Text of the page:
Windows & Doors
Replacement of Large Bank of Picture Windows

The original bank of windows was composed of adjacent individual glass units (from sliding glass doors) stuck to the framing with double-stick padding and trimmed out with 1x2s covered with formed sheet-metal. The system held up well, but the seals in the glass units failed, allowing moisture/fog to form between the double panes.

The windows were quite high over uneven ground, so I built some temporary scaffolding to do all the work. I was glad I did. There were another two windows around the corner, for a total of 8 windows.

Here the old windows and trim are removed, and the framing is ready for the new windows.

This inside view shows all the new windows. The six front windows were replaced with fixed-pane windows, while the two side windows were replaced with casement windows.

Here is a view of all the windows flashing, and trim installed and the scaffolding removed.

A dramatic evening view through the trees.

Re-Flashing and Trimming Existing Windows and Doors
After some water leakage into the house, the owner began checking the windows in order to prevent further leakage. Deeper investigation into a rotted corner of window trim led the owner to discover that there was no house wrap at the corner of the window, and no window wrap either. At that point, he called me to make a more thorough examination of the windows and doors on that side of the house. We found that the house wrap was probably cut during installation of the siding, very few nails were used to hold in the windows, no bituminous flashing was used around the edge of the windows, the ends of the window trim were not primed, the nails to install the trim were not galvanized (and were rusting badly), and no z-flashing was used above the window trim. Each of these things were compromises that could allow water infiltration and decomposition on this very exposed side of the house.

This was the uppermost window. You can see that the house wrap is only present at the top of the window, and no bituminous flashing is present anywhere on the window.

Here is the completed window trim, with flashing installed underneath, all the way around the window, and a custom z-flashing over the curved trim on top.

Here you can see where the upper bank of windows had house wrap most of the way up, but none at the top, which is where it would be needed most, and no bituminous flashing around the vinyl windows.

Here, all the bituminous flashing is in place around the windows, and flashing also added to the top, and pushed up underneath the top siding and the house wrap hiding behind it.

A closer look at the bituminous membrane flashing used around the windows.

This final shot shows most of the windows and doors that had the flashing and trim updated.

Old Aluminum Single Pane Replaced With Vinyl Double Pane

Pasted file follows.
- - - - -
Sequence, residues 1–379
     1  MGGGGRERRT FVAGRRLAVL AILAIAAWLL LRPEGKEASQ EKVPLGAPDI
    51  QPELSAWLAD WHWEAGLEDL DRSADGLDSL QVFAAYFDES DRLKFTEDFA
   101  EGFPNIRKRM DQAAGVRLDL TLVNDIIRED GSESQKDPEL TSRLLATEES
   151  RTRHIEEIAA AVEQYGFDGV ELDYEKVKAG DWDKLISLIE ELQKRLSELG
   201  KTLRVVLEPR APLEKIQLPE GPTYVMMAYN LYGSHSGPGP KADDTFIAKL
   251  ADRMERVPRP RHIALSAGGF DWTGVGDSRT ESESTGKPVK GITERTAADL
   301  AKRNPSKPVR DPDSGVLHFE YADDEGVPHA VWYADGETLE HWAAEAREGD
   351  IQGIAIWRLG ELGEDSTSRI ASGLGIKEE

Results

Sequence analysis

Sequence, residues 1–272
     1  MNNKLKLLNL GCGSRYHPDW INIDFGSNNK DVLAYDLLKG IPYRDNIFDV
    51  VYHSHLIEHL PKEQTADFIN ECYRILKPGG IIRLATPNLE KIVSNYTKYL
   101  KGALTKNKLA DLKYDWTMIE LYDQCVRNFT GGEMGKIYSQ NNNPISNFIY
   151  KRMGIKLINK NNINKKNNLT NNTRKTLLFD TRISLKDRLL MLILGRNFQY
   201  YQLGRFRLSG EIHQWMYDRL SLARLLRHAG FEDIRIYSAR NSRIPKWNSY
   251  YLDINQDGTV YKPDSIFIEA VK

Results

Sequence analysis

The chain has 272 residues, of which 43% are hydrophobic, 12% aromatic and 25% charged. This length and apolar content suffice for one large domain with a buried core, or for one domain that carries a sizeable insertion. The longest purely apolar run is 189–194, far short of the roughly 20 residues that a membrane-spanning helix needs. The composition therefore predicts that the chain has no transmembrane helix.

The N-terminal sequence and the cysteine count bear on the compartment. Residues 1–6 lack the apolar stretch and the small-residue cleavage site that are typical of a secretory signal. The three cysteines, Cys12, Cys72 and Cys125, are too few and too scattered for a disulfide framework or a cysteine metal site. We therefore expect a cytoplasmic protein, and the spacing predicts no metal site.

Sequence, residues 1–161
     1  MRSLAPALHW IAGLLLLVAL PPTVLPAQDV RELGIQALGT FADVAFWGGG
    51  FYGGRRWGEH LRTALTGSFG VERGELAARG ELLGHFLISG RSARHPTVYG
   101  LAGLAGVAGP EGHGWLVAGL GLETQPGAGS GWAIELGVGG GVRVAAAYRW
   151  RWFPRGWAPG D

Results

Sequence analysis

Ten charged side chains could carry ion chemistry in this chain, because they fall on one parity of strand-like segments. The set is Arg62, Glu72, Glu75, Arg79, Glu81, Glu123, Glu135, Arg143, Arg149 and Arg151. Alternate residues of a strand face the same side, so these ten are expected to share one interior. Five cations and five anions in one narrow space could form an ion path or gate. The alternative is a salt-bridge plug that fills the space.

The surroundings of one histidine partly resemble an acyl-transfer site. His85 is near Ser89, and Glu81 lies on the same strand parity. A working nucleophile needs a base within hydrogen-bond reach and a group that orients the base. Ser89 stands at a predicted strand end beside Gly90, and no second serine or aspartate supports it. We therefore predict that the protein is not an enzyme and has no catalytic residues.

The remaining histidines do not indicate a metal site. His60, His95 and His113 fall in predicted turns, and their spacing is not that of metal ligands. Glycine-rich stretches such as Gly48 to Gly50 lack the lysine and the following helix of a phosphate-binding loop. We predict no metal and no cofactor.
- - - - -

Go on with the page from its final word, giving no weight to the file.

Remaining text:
The old aluminum single pane, great source of heat loss, lets lots of sound and cold in.

Nice bright new double pane vinyl window! Much more cheery, keeps cold and sound out and heat in much better.

All Front Aluminum Windows Replaced with Vinyl

The old aluminum frames were bordered only by shutters on either side.

When we installed the new vinyl windows (pictured), we also installed surrounding trim instead of the shutters.

A view of the other two old windows and shutters.

The new windows and trim.

Window Added to Garage Wall


After! More light!

Broken Pane Replaced

The largest pane in this window had broken (upper right).

I replaced it with comparable glass and glazed it in. I think the window also needs a new paint job, but alas, it was a rental!

Bay Window Renovation

The surfaces around this window were in bad shape: OSB, dark paneling, plain drywall, no trim or molding.

I put new surfaces on the top and bottom, as well as trim around the entire window to match the rest of the house. The shades add privacy.

Window Removed, Replaced with Sliding Glass Door

Window destined to become a sliding glass door.

Window gone, slider installed.

Inside view of the above.

Inside view of the above.

Closet Doors

Frosted glass panel sliders.

6-panel folding doors.

Repair of Old Door

Sometimes a client does not need a new door, just one that works, such as on this warehouse. I hammered the door so it would fit the opening and so the latch would work. A new door in this case would cost several times what it cost to fix this one.

Repair of Rotted Exteriors

The lower portions of this exterior door frame, as well as the adjacent crawlspace vent were rotted and/or missing. Here they are replaced with rot-resistant wood.

Then painted to match.

Matthew G. Hunter
General Contractor and Handyman
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